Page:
I recently made the argument that Microsoft is a better dividend growth stock than IBM, and I'm sticking to it. IBM's yield is tempting, but Microsoft has actually grown its dividend at a faster rate than IBM in recent years. Meanwhile, IBM hasn't grown its free cash flow, and unless that turns around, future dividend increases will be hard to come by.

I give IBM the edge on valuation, but I'm sticking with my call that Microsoft is a better dividend stock. So, this one is a draw.

Winner: Tie.

Competitive moat

Microsoft continues to deliver robust results for shareholders stemming from its competitive advantages, including network effects, switching costs, and brand. In the fiscal second quarter, revenue increased 12% year over year, driven by 48% growth in the commercial cloud business. Within the cloud business, Azure grew 76% for the second consecutive quarter as companies continue partnering with Microsoft for their cloud-computing needs, including Kroger, Mastercard, and Walgreens Boots Alliance.

Additionally, the software giant's shift to a subscription-based model for Office continues to produce solid results. Microsoft now has 33.3 million subscribers to Office 365. Revenue from Productivity and Business Processes (including Office 365, Dynamics 365, and LinkedIn) grew 13% year over year in the last quarter.

Microsoft has one of the top brands in the world, which is a result of the familiarity millions of people and organizations have with Windows and Office software. The company is starting to leverage that technological know-how and brand recognition in other exciting areas, including Internet of Things, artificial intelligence, and Mixed Reality, in addition to cloud-computing. 

On the other side, IBM has been serving corporate clients for years. Big Blue has extensive expertise in consulting companies across many industries to help them compete more effectively. 

IBM's main problem is finding growth. While IBM is not going anywhere, it's also not likely to grow much in the next few years. About half of IBM's business is stuck in slow-growing markets like legacy IT services, hardware, and software services.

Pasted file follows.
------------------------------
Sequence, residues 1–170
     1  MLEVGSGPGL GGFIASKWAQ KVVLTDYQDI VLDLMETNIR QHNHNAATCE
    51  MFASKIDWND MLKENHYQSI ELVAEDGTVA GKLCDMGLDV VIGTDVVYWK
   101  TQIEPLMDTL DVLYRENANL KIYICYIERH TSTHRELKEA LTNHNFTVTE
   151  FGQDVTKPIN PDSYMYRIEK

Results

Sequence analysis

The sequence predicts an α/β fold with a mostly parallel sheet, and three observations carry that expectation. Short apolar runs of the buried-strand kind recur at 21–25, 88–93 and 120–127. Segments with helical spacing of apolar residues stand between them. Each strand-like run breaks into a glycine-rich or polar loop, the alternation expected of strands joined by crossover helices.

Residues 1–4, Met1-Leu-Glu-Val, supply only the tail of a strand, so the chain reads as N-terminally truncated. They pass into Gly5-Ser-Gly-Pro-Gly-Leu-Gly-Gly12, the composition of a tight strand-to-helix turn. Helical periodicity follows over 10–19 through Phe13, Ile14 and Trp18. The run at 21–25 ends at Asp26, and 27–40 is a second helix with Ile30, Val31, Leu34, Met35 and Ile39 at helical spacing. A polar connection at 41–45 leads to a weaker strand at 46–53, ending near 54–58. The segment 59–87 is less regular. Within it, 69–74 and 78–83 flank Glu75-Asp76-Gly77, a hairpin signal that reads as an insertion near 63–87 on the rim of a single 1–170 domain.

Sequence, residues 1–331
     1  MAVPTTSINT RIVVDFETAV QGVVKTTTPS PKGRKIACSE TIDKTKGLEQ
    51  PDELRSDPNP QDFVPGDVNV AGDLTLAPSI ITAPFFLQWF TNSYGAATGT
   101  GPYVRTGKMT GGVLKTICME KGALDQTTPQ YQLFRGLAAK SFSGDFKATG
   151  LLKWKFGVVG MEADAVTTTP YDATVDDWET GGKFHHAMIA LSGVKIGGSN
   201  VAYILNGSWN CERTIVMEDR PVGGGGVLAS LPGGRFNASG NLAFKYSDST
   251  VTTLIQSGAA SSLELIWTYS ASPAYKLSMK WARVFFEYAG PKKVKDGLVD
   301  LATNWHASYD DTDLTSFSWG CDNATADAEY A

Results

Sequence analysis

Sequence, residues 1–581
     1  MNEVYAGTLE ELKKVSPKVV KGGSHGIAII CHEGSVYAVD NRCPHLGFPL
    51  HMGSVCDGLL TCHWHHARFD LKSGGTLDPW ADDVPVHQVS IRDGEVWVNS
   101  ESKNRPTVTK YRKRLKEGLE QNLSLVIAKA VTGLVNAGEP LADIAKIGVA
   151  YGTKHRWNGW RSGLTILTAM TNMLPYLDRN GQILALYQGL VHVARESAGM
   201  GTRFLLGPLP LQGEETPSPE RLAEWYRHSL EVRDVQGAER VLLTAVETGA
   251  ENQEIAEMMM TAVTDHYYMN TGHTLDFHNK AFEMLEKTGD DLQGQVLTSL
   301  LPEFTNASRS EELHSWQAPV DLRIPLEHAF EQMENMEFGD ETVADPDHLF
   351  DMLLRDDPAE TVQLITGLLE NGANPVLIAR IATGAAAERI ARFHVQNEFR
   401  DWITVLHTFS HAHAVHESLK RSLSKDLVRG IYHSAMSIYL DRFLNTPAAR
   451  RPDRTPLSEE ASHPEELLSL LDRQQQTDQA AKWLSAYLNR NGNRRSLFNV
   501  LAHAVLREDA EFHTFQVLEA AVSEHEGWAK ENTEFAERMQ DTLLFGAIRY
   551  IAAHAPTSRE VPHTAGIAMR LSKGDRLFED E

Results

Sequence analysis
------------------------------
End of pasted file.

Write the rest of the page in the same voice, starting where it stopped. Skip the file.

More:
However, as you can see with Microsoft's recent growth, cloud spending is where all the action is. IT spending is undergoing a massive to shift to the cloud, which doesn't play to IBM's strengths. While IBM saw its cloud business grow 12% last year, that's peanuts compared to Microsoft's growth in the cloud. IBM's cloud market share is about 2%, while Microsoft saw its share jump from 8.7% in 2016 to 13.3% in 2017. and Microsoft are absorbing most of the cloud spending right now. IBM's recent acquisition of Red Hat will help, but overall, Microsoft is in a much stronger competitive position.  

Winner: Microsoft.

Microsoft is the better buy

IBM could be a good contrarian bet, especially if the company begins to show signs of growth again. But for now, I'd rather go with consistency. Microsoft has the financial fortitude, growth, and competitive advantages that make the king of software a no-brainer pick.

John Mackey, CEO of Whole Foods Market, an Amazon subsidiary, is a member of The Motley Fool's board of directors. Teresa Kersten, an employee of LinkedIn, a Microsoft subsidiary, is a member of The Motley Fool's board of directors. John Ballard owns shares of Amazon and Mastercard. The Motley Fool owns shares of and recommends Amazon, Apple, and Mastercard. The Motley Fool owns shares of Microsoft. The Motley Fool is short shares of IBM and has the following options: long January 2020 $150 calls on Apple and short January 2020 $155 calls on Apple. The Motley Fool has a disclosure policy.